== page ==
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Donora returns to Brillobox for "Ha Ha Heart" release show

January 30, 9 p.m.
Few bands have defined and help grow Pittsburgh’s indie-rock scene over the past decade more than Donora. That’s due in part to their consistently tight guitar pop that has evolved admirably over the course of three albums, but it also has to do with their longevity and commitment. Many of the Pittsburgh bands the trio was most associated with during their early heyday in the late aughts -- including Boca Chica; Good Night, States; Lohio; and The Harlan Twins -- have all taken extended hiatuses to either explore new projects or to focus on their non-rock star lives.This isn’t a criticism; it’s simply the typical life cycle of a vibrant local music scene.

But now, Donora seems to be moving in a different direction than its peers, emerging as the esteemed scene veterans amid a new crop of hungry up-and-coming bands. And with their latest release, Ha Ha Heart, they’ve made their most accomplished record yet, one full of gorgeous studio flourishes and robust arrangements that fill in the group’s arsenal of insanely catchy compositions with a glittering galaxy of synth lines, tape loops, and sampled sound collages. Donora’s studio-centric approach, cultivated in moments on their 2011 album Boyfriends, Girlfriends and augured on their 2013 EP Play Nice, has now blossomed to its full potential. Lead single “Always Gonna Be” has all of Donora’s trademarks: lead singer Casey Hanner’s crunchy guitar work and perfectly calibrated harmonies, bassist Jake Churton strutting, restless basslines, and drummer/producer Jake Hanner’s party-ready percussion. But when the song snaps into its chorus, there's greater depth and dimension thanks to a cascading collection of electronic keyboard riffs and playful vocal samples, which ebb and pulse on each progression.

Probably no song on the album personifies the group’s evolution better than the guitar-less shimmering daydream “Memory,” a gauzy, wafting track that recalls the somnambulist qualities of classic Beach House and even Top Gun OST-era Giorgio Moroder. This immersive, headphone symphony of a song uses every inch of the new studio Jake Hanner recently built in his Gibsonia home, where the band recorded Ha Ha Heat in its entirety. After releasing the album in early December, the trio are finally readying a proper release show on Jan. 30 at the Brillobox, the venue that has been their de facto homebase since Donora's earliest shows. Don’t miss this chance to see one of the Pittsburgh music scene’s most-revered bands operating at the height of their powers. (4104 Penn Avenue, Bloomfield, Brillobox)

Quantum Theatre readies premiere of "BRAHMAN/i: A One Hijira Stand-Up Comedy Show"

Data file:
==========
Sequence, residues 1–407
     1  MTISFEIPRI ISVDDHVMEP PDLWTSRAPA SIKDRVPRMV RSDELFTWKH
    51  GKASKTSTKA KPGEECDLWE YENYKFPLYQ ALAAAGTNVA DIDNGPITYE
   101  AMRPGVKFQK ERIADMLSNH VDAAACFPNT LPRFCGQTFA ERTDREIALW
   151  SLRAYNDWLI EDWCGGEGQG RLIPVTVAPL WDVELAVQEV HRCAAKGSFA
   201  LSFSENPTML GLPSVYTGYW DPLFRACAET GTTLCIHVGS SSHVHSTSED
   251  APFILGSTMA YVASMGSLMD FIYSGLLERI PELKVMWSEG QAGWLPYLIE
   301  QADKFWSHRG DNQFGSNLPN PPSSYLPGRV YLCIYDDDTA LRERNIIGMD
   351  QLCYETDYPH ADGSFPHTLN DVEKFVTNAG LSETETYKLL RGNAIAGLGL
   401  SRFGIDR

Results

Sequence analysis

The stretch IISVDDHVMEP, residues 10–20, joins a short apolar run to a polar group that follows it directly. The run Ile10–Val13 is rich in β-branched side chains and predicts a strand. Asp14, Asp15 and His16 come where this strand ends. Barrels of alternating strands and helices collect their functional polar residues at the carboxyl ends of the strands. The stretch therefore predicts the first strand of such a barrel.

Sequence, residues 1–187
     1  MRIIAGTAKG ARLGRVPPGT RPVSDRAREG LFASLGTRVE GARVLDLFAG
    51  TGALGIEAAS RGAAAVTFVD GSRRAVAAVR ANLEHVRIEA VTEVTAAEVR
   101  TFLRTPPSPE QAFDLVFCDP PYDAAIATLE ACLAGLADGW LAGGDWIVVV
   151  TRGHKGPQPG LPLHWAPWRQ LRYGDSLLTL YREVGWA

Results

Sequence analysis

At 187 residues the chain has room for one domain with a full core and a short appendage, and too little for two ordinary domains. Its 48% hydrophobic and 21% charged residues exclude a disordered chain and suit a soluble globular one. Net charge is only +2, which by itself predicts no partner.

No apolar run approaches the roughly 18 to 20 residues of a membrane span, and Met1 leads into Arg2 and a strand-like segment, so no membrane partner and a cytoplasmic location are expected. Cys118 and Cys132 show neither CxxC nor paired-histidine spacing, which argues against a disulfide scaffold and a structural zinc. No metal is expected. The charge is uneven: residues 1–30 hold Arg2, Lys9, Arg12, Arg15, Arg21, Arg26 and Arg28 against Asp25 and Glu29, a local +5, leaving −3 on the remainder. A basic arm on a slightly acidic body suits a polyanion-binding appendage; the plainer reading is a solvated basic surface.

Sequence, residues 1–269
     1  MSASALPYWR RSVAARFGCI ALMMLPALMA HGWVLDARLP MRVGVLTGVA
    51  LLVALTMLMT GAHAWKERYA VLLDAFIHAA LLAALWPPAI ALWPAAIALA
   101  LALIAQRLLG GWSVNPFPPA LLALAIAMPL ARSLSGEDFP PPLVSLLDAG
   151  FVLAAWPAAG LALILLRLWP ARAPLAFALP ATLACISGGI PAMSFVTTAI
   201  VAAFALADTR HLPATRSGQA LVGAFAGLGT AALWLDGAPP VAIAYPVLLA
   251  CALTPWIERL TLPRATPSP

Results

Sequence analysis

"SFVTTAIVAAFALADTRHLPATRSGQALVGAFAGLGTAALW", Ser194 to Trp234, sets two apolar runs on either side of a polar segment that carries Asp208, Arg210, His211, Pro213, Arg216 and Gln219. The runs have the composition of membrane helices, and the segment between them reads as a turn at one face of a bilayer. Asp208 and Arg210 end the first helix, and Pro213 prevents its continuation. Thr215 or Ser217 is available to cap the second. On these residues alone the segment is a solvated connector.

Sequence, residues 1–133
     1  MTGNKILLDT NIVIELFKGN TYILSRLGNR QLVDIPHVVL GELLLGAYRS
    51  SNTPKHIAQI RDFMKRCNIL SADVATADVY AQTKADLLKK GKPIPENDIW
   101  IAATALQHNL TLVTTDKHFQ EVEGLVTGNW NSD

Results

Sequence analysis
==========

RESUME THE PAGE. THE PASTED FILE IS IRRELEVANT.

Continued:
January 30 - February 22
For its latest theater piece, East Liberty-based Quantum Theatre moves into a space on North Pacific Avenue in Garfield, aiming to bring audiences to a neighborhood that, over the past year, has been hurt significantly by extensive construction on several blocks of Penn Avenue. Bolder yet, Quantum has turned the space into "The Temple of Comedy," a pop-up comedy club that will host a production of BRAHMAN/i: A One Hijira Stand-up Comedy Show. The work was originally Part 1 of acclaimed playwright Aditi Brennan Kapil’s ‘Displaced Hindu Gods’ trilogy, a series that riffs on the deities of the Hindu Trinity. 

BRAHMAN/i stars New York-based actor Sanjiv Jhaveri and is directed by the founder of Los Angeles' Cornerstone Theatre Shishir Kurup. Kapil, who was born to Indian and Bulgarian parents and raised in Sweden, created the show to explore her Indian heritage through the prism of her globalized perspective. As the title suggests, the play itself is styled after a one-person comedy show, where a sole performer is tasked to take on history, mythology, and gender while providing the voice for a dozen different eclectic characters. For director Kurup, BRAHMAN/i takes a medium beloved by American audiences, stand-up comedy, and uses it to pull Kapil's themes and ideas together in increasingly dramatic ways. 

"For better or worse, America is in love with stand-up comedy. And in certain ways, it’s much more of a high-wire act than theater," said Kurup. "I think it's like when people go to a Indy Car racing event, and they're sort of hoping to see some big crashes that people somehow walk away from. That’s why I think stand-up comics are so popular, especially those who are edgier and can improvise. The crowd is always like, 'Oh, will he crash and burn?'"

As for preparation, Kurup hopes that turning traditional theater into a comedy club atmosphere will bring a new dimension to the one-man show form. But even with a one-man show, translating that script to the stage can be a challenging, confounding endeavor. And while Kurup has worked with Sanjiv previously, who himself has been rehearsing this piece since late November, breathing life into BRAHMAN/i was no easy task.

"It’s one of those productions where people say [in regards to preparation] ‘Oh, well, it’s just a solo performance.’ Well, yes, but the script is 62 pages long of very interesting, dense material," said Kurup. "What it aspires for is a stand-up piece, and the immersion of this work is creating an atmosphere of a comedy club. So that’s the mountain we’ve been climbing for the past few weeks, turning those 62 pages into flesh, blood, truth, life."

For ticket and event information, visit BRHAMAN/i's event page at www.quantumtheatre.com/season/brahmani/.
(113 N. Pacific Avenue, Garfield, The Temple of Comedy)
 

Someday is Now: The Art of Corita Kent opens at the Warhol Museum

January 31 - April 19